Plaszow Nazi German Concentration Camp
ul. Jerozolimska / ul. Kamieńskiego
At its zenith, the camp was inhabited by around 35,000 inmates living in inhuman conditions. Its commander was Amon Goeth, who was renowned for his cruelty.
The forced labour camp in Płaszów was set up on Jewish cemeteries (in Abrahama and Jerozolimska streets) late in 1942. Its main street was paved with matzevahs – Jewish tombstones. Mostly Jews from the ghettos of Kraków and other cities, as well as Poles of non-Jewish extraction and the Roma were sent here. The number of inmates forced to suffer tragic conditions, murderous exertion and labour, as well as starvation reached 35,000. They sewed uniforms, printed documents for Nazi authorities, and worked in electrical, locksmithery and automotive, workshops, and in stone quarries. The camp’s commander, Amon Goeth, was particularly cruel and tortured and murdered inmates in person. It is estimated that 5000-6000 people, victims of mass executions, were buried here in mass graves. With the Eastern Front approaching, in August 1944 their bodies were exhumed and burnt to obliterate traces of the crime. The inmates were successively transported to camps in Germany and KL Auschwitz. The last transport left in January 1945 on the eve of the Red Army entering Kraków.
According to various sources, there were anything from 50,000 to 150,000 people who went through the Plaszow Camp (a concentration camp since 1943). The survivors included among others the staff of Oscar Schindler’s factory (approximately 1100 people). The history of their salvation recorded in the novel Schindler’s Ark became the foundation for Steven Spielberg’s multi-award winning film Schindler’s List. The premises of the former camp were used as one of the filming locations in 1993.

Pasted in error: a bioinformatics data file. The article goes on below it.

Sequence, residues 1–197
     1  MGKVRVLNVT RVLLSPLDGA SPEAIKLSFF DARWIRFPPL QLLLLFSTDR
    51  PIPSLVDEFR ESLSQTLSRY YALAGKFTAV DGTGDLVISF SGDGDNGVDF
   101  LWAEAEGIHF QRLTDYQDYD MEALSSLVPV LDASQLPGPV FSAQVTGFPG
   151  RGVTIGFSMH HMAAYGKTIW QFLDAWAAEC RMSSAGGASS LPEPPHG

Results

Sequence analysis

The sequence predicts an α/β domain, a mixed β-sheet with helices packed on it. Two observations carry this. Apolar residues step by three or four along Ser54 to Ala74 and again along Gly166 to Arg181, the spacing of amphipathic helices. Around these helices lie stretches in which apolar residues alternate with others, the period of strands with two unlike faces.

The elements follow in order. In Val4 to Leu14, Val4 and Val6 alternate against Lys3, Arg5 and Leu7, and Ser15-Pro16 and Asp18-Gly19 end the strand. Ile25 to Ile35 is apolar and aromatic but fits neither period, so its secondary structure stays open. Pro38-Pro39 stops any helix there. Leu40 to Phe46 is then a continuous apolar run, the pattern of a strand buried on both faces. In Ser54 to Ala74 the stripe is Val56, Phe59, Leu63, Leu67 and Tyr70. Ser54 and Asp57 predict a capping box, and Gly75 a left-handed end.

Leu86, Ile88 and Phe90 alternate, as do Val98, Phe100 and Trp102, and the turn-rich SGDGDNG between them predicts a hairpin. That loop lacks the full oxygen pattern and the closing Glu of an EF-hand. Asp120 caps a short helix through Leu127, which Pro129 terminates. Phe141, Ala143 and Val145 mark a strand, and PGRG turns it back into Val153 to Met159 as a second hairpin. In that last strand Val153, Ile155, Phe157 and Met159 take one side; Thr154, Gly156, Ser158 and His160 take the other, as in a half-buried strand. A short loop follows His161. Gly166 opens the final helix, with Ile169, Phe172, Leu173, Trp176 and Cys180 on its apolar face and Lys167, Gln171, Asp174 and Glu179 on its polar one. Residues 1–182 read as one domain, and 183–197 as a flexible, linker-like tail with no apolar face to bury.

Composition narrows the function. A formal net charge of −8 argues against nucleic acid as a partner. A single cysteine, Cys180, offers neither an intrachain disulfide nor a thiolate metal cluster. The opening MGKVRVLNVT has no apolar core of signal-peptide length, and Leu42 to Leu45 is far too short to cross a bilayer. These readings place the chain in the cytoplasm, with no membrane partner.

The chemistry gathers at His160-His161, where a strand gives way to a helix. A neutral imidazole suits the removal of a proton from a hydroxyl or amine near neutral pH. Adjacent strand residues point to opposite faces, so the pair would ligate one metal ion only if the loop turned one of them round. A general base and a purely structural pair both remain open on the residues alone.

No structures of the camp have survived: neither barracks nor observation towers. A part of the premises has been taken up by a residential estate. Still standing, however, is the villa of Amon Goeth (ul. Heltmana 22) and the so-called Grey House (Szary Dom, ul. Jerozolimska 3) – they were homes to SS officers known for their cruelty, who rearranged the basement of the latter into a dungeon: a place no one left alive, as survivors of the camp recall. The victims of the camp are commemorated with a handful of low obelisks and the 7-metre (22 ft) high Monument to Nazi Victims (on a low knoll by Kamieńskiego Street) moving with its symbolism of foreign hearts.
ul. Tetmajera 28Rydlówka, a one-of-a-kind destination, has multiple links to the art of the Young Poland...
al. Waszyngtona 1A place of remembrance devoted to a Polish and US freedom fighter, a popular destination for walks,...
St Benedict’s Church
ul. StawarzaThis small church can be seen from within only once a year, and its interior conceals a groin vault...
The Jan Matejko House
ul. Floriańska 41This is where the most famous Polish painter of the 19th century, whose paintings generations of...
WawelThe cave that the legendary dragon inhabited leads down from Wawel Hill to the bank of the Vistula....